We also investigated the various sausage casings available. There were three main types – natural, synthetic collagen and fibrous (cellulose). The latter were ruled out because they are the inedible sort used for salamis. Synthetic collagen casings are a more modern invention and apparently, the best ones are difficult to tell from natural casings in terms of eating quality.

Since they are made from the reconstituted collagen from animal hides and other cartilaginous tissues, these casings are arguably ‘sort-of natural’, despite being called synthetic. They have better consistency in terms of wall thickness and strength and are therefore favoured by many large commercial sausage manufacturers. This type of casing is supplied as a long, dry tube threaded onto a stick, and is ready for use without soaking.

Natural casings are the cleaned-up intestine walls from sheep, pigs or cattle. They are the traditional type and still appear to be most favoured by D.I.Y makers. They are sold in a wet, salted form and can be stored refrigerated or frozen. We decided to use the natural casings, as they were readily available from a conveniently located retail smallgoods supplier. They were labelled ‘Salted Shorts Hog 20 metre 28/32’. We found that one of these packets was enough to generate about 10-12kg of sausage. Before being used, natural casings need to be rinsed well to remove the salt.


  • Thaw the venison, then cut into large cubes.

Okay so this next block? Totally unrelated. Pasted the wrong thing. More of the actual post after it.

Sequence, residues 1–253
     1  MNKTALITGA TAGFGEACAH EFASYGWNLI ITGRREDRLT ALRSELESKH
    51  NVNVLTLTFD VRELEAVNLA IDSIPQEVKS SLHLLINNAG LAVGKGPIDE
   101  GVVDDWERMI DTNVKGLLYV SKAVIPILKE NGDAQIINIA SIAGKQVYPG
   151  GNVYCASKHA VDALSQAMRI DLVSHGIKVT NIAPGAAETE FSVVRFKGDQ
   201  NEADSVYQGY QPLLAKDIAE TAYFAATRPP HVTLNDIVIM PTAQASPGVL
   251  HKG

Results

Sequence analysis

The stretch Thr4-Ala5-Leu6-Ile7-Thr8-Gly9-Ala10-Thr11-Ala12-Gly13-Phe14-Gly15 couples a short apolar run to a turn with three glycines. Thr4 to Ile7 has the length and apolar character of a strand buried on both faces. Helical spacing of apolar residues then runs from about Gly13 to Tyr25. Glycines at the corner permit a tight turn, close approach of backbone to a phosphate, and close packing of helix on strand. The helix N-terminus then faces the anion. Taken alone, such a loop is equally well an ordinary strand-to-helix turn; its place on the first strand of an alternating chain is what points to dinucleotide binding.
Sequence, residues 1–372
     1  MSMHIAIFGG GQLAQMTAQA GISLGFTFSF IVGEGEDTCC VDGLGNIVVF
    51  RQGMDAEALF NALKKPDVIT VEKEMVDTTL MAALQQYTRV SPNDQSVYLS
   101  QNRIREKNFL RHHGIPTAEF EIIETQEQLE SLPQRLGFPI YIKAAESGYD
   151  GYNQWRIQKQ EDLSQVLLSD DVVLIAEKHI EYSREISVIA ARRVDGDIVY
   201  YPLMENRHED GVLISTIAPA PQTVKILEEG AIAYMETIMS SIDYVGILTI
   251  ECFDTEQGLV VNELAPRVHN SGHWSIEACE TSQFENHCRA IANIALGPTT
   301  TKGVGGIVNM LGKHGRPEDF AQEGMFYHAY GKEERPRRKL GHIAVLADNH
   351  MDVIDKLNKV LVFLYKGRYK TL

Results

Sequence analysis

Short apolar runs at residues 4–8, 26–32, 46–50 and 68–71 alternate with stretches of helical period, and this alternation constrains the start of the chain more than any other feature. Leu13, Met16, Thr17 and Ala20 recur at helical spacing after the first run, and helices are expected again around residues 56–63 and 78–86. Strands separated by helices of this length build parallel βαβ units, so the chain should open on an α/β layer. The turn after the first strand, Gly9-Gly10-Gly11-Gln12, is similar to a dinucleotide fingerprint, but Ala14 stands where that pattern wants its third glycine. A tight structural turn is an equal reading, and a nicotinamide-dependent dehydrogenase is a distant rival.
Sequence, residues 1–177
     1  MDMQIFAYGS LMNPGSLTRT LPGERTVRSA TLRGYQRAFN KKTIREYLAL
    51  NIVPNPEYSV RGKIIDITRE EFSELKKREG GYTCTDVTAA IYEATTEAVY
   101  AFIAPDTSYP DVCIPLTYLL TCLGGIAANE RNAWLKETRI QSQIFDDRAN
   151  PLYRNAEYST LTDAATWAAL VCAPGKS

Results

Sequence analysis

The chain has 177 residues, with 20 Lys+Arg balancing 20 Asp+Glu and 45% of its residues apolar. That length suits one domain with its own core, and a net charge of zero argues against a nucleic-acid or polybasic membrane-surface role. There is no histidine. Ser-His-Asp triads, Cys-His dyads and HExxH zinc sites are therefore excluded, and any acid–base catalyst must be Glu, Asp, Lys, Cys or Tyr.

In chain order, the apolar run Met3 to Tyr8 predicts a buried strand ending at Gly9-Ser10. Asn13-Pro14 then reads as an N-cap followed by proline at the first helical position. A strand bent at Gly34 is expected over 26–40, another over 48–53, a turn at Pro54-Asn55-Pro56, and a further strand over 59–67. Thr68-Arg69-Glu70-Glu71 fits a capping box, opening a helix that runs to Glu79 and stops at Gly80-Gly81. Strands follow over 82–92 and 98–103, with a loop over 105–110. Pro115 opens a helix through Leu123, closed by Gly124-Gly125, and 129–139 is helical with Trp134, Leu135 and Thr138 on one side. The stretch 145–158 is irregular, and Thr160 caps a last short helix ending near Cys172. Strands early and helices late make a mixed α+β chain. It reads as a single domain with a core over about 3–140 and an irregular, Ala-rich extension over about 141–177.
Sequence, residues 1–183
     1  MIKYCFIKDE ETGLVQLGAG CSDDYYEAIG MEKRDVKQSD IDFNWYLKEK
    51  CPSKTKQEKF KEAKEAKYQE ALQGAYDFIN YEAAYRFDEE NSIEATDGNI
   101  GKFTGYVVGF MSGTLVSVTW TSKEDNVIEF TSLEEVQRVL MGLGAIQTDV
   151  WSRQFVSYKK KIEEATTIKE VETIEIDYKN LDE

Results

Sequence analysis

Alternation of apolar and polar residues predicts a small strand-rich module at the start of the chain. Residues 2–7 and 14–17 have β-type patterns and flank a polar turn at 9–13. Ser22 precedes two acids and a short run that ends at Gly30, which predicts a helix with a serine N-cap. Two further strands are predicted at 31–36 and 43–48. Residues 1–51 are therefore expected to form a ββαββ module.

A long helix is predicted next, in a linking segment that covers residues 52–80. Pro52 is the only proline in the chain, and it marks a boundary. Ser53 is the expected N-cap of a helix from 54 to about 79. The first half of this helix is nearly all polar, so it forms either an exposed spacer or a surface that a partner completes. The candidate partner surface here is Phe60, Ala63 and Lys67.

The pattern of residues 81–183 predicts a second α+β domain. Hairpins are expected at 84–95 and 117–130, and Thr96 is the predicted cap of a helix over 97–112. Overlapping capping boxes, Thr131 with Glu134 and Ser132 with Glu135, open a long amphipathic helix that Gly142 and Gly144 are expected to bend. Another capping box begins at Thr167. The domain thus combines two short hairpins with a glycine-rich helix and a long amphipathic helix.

• Cube the pork fat in the same fashion.
  • Mince the venison and fat (we did them separately).
  • Combine the spices in a bowl and mix with the cold water.
  • On a clean kitchen bench, make a mound of the minced meat and fat.
  • Form a crater in the middle of the mound.
  • Pour the spice/water suspension into the crater, then mix thoroughly using your hands (this requires a fair bit of effort as the cold fat and meat are quite resilient).
  • Load the filler chamber with the sausage mix.
  • Thread the entire washed casing onto the filler spout; tie the free end.
  • One person works the hand crank of the filler, while another supports the tube of newly filled sausage and monitors any problems, such as split casings or inconsistent filling.
  • Coil up the long, single sausage for tying-off into individual units of the desired length (this takes a bit of practice – we looked up some YouTube videos to give us guidance).

The keeping quality of the finished product depends on just two factors – the temperature during manufacture and subsequent storage, and the extent of bacterial contamination during the process. Hence, it is important to keep the raw materials as cold as is practicable.

The meat and fat should be processed straight from the refrigerator and holding times at room temperature for the work-in-progress and finished snags held to a minimum. Temperature awareness is the reason that the recipes call for ice-cold water.